“The case for SB1070 has always been about our support for the rule of law,” Brewer said in her statement. “That means every law, including those against both illegal immigration and racial profiling. Law enforcement will be held accountable should this statute be misused in a fashion that violates an individual’s civil rights.”

Measures similar to Arizona’s law have been introduced in 36 states, and signed into law in five: Alabama, Georgia, Indiana, South Carolina and Utah. Challenges in those states are expected to move forward swiftly, and lawmakers will have to work to immediately amend existing or proposed laws that include measures like those struck down by the Court.

Implications on employment and business 

Ultimately, the reach of the law could be felt far beyond the criminal context, including in the employment law arena.

In striking down the provision criminalizing illegal workers’ efforts to obtain jobs, the Court asserted that the federal immigration law scheme, which focuses on penalizing employers for hiring illegal aliens, trumps state-law efforts to shift that penalty to workers.

“What the Supreme Court said is that the federal law is a comprehensive regulation of the employment relationship,” and a state can’t change that balance by adding criminal sanctions for employees, said Patricia Ann Millett, head of the Supreme Court practice in the Washington office of Akin Gump Strauss Hauer & Feld, speaking at a Court review hosted by the Washington Legal Foundation.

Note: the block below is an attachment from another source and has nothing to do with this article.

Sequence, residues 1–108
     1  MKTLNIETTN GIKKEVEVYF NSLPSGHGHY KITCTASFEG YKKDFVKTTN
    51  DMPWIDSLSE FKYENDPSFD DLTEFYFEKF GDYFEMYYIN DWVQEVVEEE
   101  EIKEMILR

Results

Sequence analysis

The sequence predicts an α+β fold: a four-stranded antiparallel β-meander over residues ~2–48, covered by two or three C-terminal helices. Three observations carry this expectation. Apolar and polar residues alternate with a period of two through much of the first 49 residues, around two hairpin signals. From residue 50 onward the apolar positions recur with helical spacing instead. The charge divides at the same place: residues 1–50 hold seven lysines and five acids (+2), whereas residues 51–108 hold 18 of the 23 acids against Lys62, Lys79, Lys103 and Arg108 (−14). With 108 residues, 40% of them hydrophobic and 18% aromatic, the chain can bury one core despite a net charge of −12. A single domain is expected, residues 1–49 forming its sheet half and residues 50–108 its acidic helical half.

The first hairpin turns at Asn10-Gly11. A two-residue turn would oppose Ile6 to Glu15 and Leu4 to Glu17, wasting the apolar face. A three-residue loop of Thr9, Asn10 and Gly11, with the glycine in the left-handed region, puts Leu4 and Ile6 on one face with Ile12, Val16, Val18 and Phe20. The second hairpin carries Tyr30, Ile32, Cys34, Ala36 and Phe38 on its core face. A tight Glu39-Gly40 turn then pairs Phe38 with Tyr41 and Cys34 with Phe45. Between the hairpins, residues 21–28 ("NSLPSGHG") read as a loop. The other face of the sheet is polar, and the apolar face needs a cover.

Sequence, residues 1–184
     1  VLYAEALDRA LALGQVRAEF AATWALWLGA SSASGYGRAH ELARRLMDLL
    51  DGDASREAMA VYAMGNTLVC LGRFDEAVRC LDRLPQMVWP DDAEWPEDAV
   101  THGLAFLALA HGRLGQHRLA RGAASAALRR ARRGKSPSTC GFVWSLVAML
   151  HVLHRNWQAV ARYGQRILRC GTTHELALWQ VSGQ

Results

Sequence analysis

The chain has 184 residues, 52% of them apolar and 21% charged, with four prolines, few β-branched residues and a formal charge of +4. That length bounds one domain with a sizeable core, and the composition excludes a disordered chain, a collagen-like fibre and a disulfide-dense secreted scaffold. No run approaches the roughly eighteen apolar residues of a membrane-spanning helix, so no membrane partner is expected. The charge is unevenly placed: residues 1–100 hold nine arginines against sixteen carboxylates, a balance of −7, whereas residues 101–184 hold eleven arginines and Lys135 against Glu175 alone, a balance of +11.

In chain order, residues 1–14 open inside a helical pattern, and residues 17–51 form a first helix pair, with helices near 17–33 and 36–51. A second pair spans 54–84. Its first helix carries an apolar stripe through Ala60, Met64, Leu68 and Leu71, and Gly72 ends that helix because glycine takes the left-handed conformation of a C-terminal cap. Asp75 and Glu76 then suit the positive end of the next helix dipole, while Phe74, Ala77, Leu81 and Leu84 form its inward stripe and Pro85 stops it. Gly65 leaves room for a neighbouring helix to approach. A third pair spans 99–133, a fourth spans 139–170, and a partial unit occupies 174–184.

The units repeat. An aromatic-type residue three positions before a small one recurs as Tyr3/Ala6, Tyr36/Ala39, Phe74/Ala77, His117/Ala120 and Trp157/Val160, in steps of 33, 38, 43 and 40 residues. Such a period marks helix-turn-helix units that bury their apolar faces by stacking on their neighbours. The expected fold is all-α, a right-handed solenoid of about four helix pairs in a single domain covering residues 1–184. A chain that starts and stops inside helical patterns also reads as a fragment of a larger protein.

Millett noted that the approach seems at odds with the Court’s ruling last term in Chamber of Commerce v. Whiting, where the Court upheld another Arizona statute that requires employers to verify the immigration status of their workers or face severe penalties. But in that case the Court ruled that the law was not preempted because the federal immigration statute contained an express exemption allowing states to adopt “licensing and similar laws.”

“What you have in Whiting and you don’t have here was an express textual provision by Congress which made an exception allowing states to regulate, under licensing schemes, employees in that context,” Millett said. “[The justices] didn’t spend a lot of time explaining the departure from Whiting in this opinion, but I think that is probably the landing point for the Court on that.”

Questions or comments can be directed to the writer at: kimberly.atkins@lawyersusaonline.com. Lawyers USA is published by the Dolan Company, which also publishes the Arizona Capitol Times.